It is hard to say if the “horrible infection” (once translated “this horrid stench” – which is less specific in French) belongs to the anal field or to the field of smell. Likewise with “putrefaction” and “putrid”, which seem to straddle both. On the other hand, “exhalations” and “stink” are quite to the point! The smell is an insistent theme in Baudelaire’s work, which resonates with Lacan introducing it as another object, in addition to the four classically listed ones. He is on the way of extending the list to all kinds of objects, including artificially made ones, the endless products of sublimation, and finally speech itself as a cause of jouissance.[vi] Thus we can read in Seminar XVII: “… speech can very well play the role of carrion”[i] – and Lacan clearly places the latter as an object small a, half a page before. This is the case when there is some “manipulation” of speech, which is not properly located in a discourse.
Despina Andropoulou points out the difference between a human corpse, which is inscribed in the Symbolic, and a carrion, which is not. A man’s body, alive or dead, is mortified by the signifier: it is one of the two functions of the signifier.[vii]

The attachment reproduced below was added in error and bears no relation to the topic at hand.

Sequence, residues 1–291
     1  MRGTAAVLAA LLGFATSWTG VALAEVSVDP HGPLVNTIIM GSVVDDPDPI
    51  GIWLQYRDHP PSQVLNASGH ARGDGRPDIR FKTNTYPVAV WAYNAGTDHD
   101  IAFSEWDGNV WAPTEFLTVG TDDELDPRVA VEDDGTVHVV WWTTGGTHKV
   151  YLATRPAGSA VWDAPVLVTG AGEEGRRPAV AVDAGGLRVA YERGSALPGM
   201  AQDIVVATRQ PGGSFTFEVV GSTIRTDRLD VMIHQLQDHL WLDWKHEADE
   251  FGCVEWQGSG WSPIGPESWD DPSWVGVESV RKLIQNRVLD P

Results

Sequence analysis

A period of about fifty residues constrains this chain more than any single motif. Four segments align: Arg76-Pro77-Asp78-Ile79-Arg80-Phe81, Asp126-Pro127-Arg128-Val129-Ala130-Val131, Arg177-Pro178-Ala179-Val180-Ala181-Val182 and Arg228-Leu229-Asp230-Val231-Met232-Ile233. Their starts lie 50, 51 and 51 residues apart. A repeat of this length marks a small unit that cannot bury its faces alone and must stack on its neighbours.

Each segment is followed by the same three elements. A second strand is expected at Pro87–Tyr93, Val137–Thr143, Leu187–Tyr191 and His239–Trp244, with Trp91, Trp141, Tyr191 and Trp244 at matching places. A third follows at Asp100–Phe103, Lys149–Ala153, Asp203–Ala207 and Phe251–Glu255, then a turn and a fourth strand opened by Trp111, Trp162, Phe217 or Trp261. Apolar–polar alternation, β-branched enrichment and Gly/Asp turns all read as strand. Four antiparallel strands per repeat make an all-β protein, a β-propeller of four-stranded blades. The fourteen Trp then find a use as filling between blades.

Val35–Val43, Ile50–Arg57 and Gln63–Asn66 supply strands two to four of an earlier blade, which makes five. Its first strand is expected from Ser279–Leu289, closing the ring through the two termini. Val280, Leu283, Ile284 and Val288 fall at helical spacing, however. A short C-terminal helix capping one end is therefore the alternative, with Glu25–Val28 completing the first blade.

On the contrary, the poem emphasizes the paradox that the dead body of an animal is utterly living, bursting, swarming with life. The previous quotations highlight this, as well as the place of movement and action all along. There are numerous occurrences, such as: “legs splayed,” “opened its paunch,” “came out black battalions,” “all this receded, swelled like a wave,” “soared,” “inflated by a vague breath,” “running”, “…swirls and shakes / With a rhythmic motion.” Moreover, there are two direct references to life: “these live rags” and “living and multiplying.” The latter does not only speak of life, but of breeding. Going backwards, the first lines depict “a lascivious woman.” Not only the living woman is foreseen as a carrion to be, but the carrion carries the vision of a woman engaged in unbridled sexual activity, and even giving birth.
There are many occurrences of Death as well, such as the “carrion” itself, “putrefaction”, “give back to Nature”, “carcass”, ” body”, “skeleton”, “bones”, “vermin”. Death, as we know, is the most powerful among master signifiers.[viii] No wonder that some of the terms belong to both fields of life and death, the master signifier S1 being in some cases in the closest vicinity with object small a, as Lacan points out.[ix]